Literature

Reading or stagnating?

Submitted by AWL on Wed, 01/05/2019 - 11:52
Reading group

“You can never get a cup of tea large enough or book long enough to suit me.” – C. S. Lewis

When I was a young child, I learned an appreciation for the written word through both of my parents reading aloud to me and through listening to audiobooks on long car trips.

Somewhere during the dreaded forced reading during my secondary and tertiary schooling, I lost my fascination with reading. Then, over time, with that lack, I noticed other things were lacking.

The Glorious Heresies

Submitted by AWL on Wed, 01/05/2019 - 11:48
GH cover

Lisa McInerney’s The Glorious Heresies is a strong debut novel, which won her the Bailey’s Women’s Prize in 2016.

McInerney was already known for her blog, Arse End of Ireland, in which McInerney spoke about the impacts of the financial crash on Ireland’s poorest. The novel continues similar themes, focusing on those forced into the fringes of society in Cork.

The Good Soldier Schwejk

Submitted by AWL on Wed, 17/04/2019 - 10:18
good soldier

Jill Mountford reviews The Good Soldier Schwejk (and His Fortunes in the World War) - written by Jaroslav Hasek, published 1923, adapted and directed by Christine Edzard, Sands Films, 2017. Currently being shown in Rotherhithe, London, and soon to be released on DVD.

Christine Edzard has made it her mission to revive interest in what was possibly the first satirical comedy about the absurdity of war. She adapted The Good Soldier Schwejk (sometimes spelt Svejk, pronounced Shvake) to mark the centenary of World War I.

George Orwell, Spain, and revolution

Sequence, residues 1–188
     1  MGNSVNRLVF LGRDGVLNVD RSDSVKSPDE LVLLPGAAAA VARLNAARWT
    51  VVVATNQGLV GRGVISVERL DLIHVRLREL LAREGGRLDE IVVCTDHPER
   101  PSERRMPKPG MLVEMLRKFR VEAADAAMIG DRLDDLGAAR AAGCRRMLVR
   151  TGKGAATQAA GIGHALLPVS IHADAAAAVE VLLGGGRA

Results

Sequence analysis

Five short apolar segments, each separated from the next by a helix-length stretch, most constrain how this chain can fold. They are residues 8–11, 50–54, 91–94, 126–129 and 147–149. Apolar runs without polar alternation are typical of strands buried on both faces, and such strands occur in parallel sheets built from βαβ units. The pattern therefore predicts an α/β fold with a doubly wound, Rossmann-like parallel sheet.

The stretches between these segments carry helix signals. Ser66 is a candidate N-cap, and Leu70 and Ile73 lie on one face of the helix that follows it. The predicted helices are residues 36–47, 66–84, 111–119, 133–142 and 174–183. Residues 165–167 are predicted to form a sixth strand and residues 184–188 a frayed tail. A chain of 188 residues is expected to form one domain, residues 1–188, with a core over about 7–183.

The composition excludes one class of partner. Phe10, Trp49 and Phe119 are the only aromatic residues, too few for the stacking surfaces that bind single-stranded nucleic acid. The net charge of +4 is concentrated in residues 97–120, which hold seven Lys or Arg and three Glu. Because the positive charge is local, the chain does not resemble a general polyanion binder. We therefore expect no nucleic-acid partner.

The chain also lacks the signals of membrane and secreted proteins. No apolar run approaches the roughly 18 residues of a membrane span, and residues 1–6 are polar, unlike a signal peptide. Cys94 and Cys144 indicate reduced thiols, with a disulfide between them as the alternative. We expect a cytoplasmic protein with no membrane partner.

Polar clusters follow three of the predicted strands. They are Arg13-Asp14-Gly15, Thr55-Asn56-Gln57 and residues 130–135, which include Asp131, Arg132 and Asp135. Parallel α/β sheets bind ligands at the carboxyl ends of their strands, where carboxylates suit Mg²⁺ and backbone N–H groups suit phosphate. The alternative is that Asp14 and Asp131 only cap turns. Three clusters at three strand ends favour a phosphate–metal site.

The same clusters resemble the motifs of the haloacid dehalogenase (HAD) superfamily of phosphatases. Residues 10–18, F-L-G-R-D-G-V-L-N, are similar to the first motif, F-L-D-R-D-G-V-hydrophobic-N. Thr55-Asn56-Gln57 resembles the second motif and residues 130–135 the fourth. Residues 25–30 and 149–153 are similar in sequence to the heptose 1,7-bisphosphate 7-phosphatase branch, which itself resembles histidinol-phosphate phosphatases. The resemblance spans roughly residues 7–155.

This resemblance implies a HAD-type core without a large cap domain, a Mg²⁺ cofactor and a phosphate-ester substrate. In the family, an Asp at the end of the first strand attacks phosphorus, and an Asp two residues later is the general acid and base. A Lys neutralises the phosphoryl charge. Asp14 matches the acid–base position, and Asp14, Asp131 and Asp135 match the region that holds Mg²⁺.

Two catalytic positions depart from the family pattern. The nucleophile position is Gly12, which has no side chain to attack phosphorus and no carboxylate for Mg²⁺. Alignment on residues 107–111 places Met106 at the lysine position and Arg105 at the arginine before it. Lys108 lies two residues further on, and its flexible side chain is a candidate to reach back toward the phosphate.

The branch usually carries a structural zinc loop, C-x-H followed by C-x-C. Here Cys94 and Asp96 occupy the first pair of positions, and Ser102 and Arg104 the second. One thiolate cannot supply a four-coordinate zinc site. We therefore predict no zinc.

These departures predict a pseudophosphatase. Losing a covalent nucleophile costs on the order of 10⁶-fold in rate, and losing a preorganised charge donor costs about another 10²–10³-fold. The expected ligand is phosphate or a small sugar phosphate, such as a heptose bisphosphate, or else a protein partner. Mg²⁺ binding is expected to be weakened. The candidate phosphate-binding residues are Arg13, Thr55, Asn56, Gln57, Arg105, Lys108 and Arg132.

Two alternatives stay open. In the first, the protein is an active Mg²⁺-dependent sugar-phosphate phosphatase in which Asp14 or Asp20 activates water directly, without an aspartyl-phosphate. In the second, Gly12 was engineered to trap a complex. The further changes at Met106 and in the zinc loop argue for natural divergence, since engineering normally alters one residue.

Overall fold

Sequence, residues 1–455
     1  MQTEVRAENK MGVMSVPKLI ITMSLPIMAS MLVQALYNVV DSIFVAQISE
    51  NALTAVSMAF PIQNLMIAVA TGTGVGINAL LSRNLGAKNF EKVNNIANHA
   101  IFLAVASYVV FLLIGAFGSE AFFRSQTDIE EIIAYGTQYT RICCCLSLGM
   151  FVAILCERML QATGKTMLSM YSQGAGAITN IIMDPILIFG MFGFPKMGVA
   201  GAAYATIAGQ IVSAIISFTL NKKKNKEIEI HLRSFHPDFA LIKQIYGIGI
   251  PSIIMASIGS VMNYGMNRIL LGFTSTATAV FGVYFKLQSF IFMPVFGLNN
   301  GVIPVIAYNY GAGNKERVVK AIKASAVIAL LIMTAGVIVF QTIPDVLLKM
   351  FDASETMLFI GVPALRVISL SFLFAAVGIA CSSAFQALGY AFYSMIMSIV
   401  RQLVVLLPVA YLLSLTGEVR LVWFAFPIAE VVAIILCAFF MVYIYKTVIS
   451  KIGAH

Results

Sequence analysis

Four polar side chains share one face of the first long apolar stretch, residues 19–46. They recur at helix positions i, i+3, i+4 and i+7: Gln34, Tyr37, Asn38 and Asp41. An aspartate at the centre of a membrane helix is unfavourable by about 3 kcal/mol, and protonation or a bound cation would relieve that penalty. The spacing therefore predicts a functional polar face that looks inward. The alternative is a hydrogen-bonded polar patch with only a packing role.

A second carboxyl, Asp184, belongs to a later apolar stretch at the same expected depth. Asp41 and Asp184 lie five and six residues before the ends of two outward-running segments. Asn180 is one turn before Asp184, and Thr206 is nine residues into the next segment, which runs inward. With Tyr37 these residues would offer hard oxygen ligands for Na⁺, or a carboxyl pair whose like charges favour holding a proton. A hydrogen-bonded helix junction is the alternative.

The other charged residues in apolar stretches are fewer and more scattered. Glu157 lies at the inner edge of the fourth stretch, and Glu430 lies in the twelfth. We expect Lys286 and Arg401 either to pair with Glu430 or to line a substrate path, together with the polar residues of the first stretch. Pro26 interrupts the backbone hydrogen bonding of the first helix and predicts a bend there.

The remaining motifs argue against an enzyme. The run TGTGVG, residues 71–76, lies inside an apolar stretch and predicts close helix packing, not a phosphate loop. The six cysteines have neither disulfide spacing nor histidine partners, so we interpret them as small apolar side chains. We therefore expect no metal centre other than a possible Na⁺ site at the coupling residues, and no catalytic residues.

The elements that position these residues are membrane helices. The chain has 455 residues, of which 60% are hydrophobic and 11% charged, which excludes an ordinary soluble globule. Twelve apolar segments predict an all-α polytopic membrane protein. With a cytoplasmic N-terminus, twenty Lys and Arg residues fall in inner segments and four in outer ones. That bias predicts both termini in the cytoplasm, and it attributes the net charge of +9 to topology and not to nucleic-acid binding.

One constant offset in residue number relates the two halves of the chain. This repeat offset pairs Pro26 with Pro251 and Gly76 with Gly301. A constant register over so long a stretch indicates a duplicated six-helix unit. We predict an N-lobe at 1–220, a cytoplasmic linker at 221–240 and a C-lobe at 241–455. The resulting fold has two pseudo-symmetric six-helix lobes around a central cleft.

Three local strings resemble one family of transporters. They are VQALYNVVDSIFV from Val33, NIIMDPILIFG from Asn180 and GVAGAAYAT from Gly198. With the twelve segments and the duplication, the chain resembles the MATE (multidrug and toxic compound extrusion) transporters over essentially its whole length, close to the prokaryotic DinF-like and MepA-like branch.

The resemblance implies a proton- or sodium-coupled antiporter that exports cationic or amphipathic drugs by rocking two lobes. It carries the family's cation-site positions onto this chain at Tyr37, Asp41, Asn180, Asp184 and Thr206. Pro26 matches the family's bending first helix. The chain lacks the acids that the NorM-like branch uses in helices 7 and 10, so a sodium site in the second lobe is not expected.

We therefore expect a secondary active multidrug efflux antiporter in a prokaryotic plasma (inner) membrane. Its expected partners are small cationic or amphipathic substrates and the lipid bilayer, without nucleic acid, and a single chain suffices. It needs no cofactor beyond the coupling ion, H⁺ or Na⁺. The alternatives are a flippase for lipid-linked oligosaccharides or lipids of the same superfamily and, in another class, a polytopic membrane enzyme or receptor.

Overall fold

Submitted by AWL on Wed, 20/03/2019 - 11:19
orwell in spain

In his 1947 essay, “Why I Write”, George Orwell explained:

“The Spanish war and other events in 1936-37 turned the scale and thereafter I knew where I stood. Every line of serious work that I have written since 1936 has been written, directly or indirectly, against totalitarianism and for democratic socialism, as I understand it…”

Homage to Catalonia, in which Orwell bore witness to the murder of the Spanish Revolution, was the product of this defining period of Orwell’s life, at least the literary and political equal of Animal Farm and Nineteen Eighty-Four.

The Satanic Verses thirty years on

Submitted by AWL on Sat, 02/03/2019 - 08:56
Rushdie

It is thirty years since the publication of Salman Rushdie's novel The Satanic Verses, partly based on the life of the founder of Islam, Muhammad, sparked protests across the Muslim world, with riots in India and Pakistan in which dozens of Rushdie's fellow Muslims were shot dead, book burnings on the streets of Britain, and ultimately an Iranian death sentence which sent its author into hiding under armed police guard.

The anxieties of Brexit Britain

Submitted by AWL on Wed, 12/12/2018 - 12:18
middle england

Jonathan Coe’s latest volume Middle England has been widely described as the best “state of the nation” novel of the last decade, and deservedly so. Whilst Ali Smith’s Autumn was an impressionistic take on the immediate aftermath of the referendum – the first post-Brexit novel – Coe’s book manages to balance the coverage of political events in the run up to June 2016 with an intimate look at how it all unfolds in the lives of characters last seen in Coe’s two Rotters’ Club novels, as well as introducing many new ones.

Where they linger

Submitted by cathy n on Wed, 14/11/2018 - 06:33

In Wayétu Moore’s debut novel She Would Be King, set in the 1840s, three characters find their lives intertwining with each other, and with the future of the newly created Liberia.

All are fleeing persecution: Gbessa, accused of witchcraft, is driven from the West African village of Lai; June Dey escapes from a Virginia tobacco plantation, headed for freedom in New York; and Norman Aragon, child of a Jamaican Maroon and a British colonist, longs to escape his father’s cruel experiments. The three seek sanctuary, and find themselves in Monrovia.

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